Another world: drawing on a changed planet: Patrick Chappatte is one of Switzerland's best known cartoonists, contributing editorial cartoons to Le Temps, the Sunday edition of the Neue Zurcher Zeitung, the International Herald Tribune (IHT) and Swiss News.

AuteurHollingdale, Michael
Fonction Feature

September 11, 2001 has become a generation's John F Kennedy moment. Where you were, what you were doing on the day of the horrific attack on the Twin Towers is etched on each of our memories as keenly as the president's assassination was on those of the previous generation.

Newspaper cartoons may not seem the most appropriate medium to relate the narrative of the past few years, but a new collection published by Globe Cartoon in Geneva may make you think again.

Another World

In collaboration with the American newspaper, Chappatte is now publishing a selection of his cartoons that have appeared in the IHT over the last four years. Funny, sad, intelligent and thought provoking, they make up a fascinating chronicle of a period that has changed the planet, transforming it into another world.

The cartoons in 'Another World' start from a few months before the attack on the World Trade Centre when the IHT hired Chappatte to provide them with a non-American view on world events. These early drawings show an interest in a wide range of people and issues. From the newly elected President Bush to the economy to the environment and the Kyoto Protocol. Then came September 11 ... a prism which shapes all his subsequent works.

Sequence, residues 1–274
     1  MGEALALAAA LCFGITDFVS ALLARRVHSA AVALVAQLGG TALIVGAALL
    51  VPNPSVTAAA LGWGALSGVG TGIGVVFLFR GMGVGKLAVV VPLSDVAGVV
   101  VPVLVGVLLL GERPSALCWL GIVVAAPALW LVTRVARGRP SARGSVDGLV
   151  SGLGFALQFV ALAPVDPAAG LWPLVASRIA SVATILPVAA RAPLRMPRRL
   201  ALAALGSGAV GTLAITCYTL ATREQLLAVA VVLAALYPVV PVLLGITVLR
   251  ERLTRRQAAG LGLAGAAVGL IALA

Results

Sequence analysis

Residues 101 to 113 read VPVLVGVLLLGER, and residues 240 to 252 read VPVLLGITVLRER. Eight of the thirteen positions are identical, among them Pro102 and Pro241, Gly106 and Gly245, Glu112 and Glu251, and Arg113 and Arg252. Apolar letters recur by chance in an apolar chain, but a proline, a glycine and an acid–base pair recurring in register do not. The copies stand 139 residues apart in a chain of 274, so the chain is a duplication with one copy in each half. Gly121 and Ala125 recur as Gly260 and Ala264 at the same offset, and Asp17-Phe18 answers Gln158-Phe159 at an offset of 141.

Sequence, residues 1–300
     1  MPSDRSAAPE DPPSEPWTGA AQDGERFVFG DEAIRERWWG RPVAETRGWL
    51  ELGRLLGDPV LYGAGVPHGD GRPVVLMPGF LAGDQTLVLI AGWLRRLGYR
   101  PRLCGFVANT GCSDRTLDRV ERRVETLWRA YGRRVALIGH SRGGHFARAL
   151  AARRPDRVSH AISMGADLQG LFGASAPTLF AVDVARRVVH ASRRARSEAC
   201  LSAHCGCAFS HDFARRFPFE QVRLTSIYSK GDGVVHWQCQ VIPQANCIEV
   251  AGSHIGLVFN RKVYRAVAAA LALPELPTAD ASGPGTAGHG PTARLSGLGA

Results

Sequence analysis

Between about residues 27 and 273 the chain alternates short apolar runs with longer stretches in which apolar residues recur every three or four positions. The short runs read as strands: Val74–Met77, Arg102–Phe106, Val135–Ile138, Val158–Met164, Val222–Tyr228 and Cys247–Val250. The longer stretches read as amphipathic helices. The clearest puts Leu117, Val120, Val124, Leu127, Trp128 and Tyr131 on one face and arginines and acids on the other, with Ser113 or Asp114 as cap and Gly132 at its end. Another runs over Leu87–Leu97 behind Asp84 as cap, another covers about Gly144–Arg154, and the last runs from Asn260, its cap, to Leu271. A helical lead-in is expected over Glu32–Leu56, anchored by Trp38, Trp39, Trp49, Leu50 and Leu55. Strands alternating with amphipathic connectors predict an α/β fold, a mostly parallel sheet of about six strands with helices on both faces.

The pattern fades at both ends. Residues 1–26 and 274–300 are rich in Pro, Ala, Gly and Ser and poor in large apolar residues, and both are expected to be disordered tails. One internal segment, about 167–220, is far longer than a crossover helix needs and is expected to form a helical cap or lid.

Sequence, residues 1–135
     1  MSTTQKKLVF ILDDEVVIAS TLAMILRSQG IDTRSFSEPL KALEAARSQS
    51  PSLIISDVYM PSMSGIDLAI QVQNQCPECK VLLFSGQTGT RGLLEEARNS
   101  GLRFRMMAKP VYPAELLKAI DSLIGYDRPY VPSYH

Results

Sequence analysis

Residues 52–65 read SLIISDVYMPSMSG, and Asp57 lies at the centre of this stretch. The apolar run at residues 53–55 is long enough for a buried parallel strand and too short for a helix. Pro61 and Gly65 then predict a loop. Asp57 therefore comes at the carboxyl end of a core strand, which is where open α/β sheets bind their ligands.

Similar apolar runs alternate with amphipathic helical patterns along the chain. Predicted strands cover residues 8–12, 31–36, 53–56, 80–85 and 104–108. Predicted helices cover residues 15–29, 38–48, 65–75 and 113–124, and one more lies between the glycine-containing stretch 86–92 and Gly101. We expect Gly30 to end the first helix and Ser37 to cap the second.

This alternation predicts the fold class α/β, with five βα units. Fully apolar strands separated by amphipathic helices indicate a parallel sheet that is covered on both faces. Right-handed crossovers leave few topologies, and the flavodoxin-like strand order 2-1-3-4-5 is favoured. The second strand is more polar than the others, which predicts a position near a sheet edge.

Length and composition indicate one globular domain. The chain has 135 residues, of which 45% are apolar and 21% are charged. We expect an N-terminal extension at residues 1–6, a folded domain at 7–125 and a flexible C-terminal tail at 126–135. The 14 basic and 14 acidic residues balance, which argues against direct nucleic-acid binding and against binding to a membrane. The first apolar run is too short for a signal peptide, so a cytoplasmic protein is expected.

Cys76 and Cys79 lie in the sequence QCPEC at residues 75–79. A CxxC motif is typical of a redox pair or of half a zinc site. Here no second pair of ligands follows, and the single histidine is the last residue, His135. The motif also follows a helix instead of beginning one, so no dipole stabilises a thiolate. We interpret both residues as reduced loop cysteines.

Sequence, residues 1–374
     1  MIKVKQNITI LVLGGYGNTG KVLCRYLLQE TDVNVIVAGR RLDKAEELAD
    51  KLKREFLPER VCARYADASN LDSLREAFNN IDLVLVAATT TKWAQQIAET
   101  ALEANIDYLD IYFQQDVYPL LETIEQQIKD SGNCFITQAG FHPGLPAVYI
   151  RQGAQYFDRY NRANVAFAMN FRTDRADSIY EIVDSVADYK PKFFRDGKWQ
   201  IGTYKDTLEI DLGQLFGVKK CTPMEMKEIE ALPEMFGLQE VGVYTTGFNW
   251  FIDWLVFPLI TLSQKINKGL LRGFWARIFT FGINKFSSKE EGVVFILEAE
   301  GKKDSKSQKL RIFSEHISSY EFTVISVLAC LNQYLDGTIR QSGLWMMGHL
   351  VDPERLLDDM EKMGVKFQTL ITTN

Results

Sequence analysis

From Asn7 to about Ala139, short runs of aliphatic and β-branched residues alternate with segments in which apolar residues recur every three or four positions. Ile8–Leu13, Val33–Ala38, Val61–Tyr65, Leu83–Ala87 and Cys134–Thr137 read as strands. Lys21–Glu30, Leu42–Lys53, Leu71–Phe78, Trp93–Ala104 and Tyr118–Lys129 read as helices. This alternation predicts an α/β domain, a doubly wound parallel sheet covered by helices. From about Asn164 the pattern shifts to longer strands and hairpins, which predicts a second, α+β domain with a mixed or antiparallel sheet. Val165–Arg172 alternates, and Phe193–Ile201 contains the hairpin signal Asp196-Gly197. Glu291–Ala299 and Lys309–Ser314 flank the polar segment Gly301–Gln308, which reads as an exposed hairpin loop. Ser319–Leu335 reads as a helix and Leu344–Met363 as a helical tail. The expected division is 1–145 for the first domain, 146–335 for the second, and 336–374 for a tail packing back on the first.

Chappatte says the day itself generated some of the worst cartoons ever produced as artists, like everybody rise, attempted to grapple with the scale of the atrocity. "You can try to illustrate grief but no-one could ever be up to the grief of that day," he says.

On September 12, dozens of drawings showed the Statue of Liberty, in team. Chappatte himself produced an ambiguous work that depicted the Statue shrouded in smoke but he has not included it in the book. It was, he says, his toughest assignment and one that was perhaps impossible to fulfil. "The attack was a real personal shock to me. I'd lived in the neighbourhood of the Towers for three years, within four blocks of them, and one of my children was born in New York."

Looking at the cartoons that Chappatte produced in the days following September 11 make it clear that the world was entering a dangerous era. One shows huge American missiles aimed at a knife-wielding terrorist--underlining the inequality of the battle to come but also the vulnerability of the US despite its military might. Later drawings show the war against the Taleban, the widening transatlantic divide and the inexorable build-up to the invasion of Iraq. Other events of the past four years, such as corporate...

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